• Pain in the bottom of your foot when you walk, run, or jump
  • Pain that gets worse when you climb stairs or stand for long periods of time
  • Pain that radiates down the bottom of the foot to the toes

Pain due to plantar fasciitis typically subsides after a few minutes of walking but may return after a long period of rest or sleep. Children who experience heel pain should take a break from physical activities as overexertion may aggravate plantar fasciitis. It’s also essential to wear supportive shoes and stretch before playing sports.

A doctor can determine if your child has plantar fasciitis by performing tests and observing how your child stands and walks.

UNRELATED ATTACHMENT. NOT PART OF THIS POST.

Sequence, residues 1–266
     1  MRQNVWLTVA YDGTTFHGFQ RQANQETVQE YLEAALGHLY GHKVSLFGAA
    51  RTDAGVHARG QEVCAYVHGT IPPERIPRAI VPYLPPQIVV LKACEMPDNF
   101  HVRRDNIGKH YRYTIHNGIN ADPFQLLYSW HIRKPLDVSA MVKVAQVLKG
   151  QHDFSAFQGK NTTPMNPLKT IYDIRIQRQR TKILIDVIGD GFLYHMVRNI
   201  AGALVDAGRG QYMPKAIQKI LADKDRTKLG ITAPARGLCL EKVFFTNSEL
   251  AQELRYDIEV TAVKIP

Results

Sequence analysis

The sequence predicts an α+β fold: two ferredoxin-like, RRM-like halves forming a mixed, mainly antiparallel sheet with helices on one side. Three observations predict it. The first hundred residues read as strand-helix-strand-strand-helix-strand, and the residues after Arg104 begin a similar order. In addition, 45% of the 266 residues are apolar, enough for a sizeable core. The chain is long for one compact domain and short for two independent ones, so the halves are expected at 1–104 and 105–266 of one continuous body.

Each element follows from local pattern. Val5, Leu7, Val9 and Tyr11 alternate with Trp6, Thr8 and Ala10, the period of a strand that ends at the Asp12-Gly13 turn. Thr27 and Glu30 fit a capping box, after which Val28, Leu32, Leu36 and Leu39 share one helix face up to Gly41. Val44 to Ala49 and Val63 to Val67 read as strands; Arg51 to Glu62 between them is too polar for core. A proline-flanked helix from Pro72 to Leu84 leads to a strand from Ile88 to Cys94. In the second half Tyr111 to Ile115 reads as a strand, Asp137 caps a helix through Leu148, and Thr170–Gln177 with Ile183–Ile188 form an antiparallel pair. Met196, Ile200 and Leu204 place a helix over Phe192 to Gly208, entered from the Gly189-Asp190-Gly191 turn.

Understanding bunions in children and teens

Bunions are bony bumps that form at the base of the big toe when the toes are compressed. The big toe is forced to curve toward the other toes and sticks improperly out of its joint. Bunions, or hallux valgus, are painful and often swell and turn red.

Left untreated, a bunion can lead to other conditions:

  • Bursitis: Swelling of the fluid-filled sacs in the joints that may also cause damage to cartilage, resulting in arthritis
  • Metatarsalgia: A condition in which the ball of your foot becomes painful and inflamed
  • Hammer toe: A bend that resembles a hammer in the middle joint of the second, third, or fourth toe

Maintaining a healthy weight and wearing shoes that give the toes space can help prevent bunions from forming. If your child develops bunions, there are several ways to ease bunion pain without surgery, including:

  • Use bunion pads to cushion the area and protect it from further stress. Ask your doctor before using pads, as they can cause more pain if they are too tight.